Consider this code:
double d = 9000000000000000000d;
while (d == 9000000000000000000d)
d += 500;
A double has a varying precision, i.e. a fixed number of significant bits.
A double/float number (floating point number) consists of an exponent and a mantisse (cf. the IEEE754 standard). The logic bebind this is that with larger numbers one doesn't need a high precision for small numbers, whereas for small numbers one needs a high precision. So, it might happen that
d==d+1 is true as
+1 does nothing for large numbers (That's also a reason why one should not use floating point numbers for representing money; also comparing floating point numbers is problematic as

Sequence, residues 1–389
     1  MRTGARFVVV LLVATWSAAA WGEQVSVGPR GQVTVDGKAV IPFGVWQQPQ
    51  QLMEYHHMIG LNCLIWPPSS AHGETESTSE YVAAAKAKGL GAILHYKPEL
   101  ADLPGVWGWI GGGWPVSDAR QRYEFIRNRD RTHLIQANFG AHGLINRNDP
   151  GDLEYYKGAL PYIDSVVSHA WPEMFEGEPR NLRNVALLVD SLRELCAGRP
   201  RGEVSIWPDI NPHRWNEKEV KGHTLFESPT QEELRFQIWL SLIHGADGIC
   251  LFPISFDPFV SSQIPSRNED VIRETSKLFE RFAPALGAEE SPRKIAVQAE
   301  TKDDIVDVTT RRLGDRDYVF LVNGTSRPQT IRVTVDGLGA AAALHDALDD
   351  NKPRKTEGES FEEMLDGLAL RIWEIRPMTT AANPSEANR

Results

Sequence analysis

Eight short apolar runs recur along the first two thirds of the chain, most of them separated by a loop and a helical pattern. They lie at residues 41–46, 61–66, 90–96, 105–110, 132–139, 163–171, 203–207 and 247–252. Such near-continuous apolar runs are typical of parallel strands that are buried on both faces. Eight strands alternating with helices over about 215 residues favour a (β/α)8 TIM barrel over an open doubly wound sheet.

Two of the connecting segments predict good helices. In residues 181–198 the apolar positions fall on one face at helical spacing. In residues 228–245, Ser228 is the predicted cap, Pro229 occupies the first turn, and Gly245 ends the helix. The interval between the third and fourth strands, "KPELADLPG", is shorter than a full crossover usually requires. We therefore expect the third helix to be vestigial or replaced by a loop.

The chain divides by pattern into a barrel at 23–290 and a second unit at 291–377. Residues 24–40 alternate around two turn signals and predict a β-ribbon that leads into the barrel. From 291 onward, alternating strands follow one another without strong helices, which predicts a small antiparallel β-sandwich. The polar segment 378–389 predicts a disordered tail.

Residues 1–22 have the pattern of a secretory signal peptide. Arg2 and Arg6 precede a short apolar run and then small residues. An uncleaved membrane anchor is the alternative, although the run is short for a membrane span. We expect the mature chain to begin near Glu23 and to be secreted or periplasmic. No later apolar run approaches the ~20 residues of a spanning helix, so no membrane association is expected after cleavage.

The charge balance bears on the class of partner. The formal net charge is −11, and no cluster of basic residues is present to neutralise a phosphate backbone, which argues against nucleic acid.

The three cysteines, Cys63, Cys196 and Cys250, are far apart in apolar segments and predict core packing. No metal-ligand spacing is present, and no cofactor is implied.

4*0.1!=0.4 might be true, depending on the implementation and possible rounding errors). This is defined in the IEEE754 standard and, thus, won't throw any exception (btw. compilers can issue warning or errors, but don't throw any exceptions).
That's in contrast to integers which always have a precision of
1. So, if you need to handle large numbers with a precision of 1, you need to consider to use BigInteger implementations or use
decimal with a fixed set of decimal digits and guaranteed precision.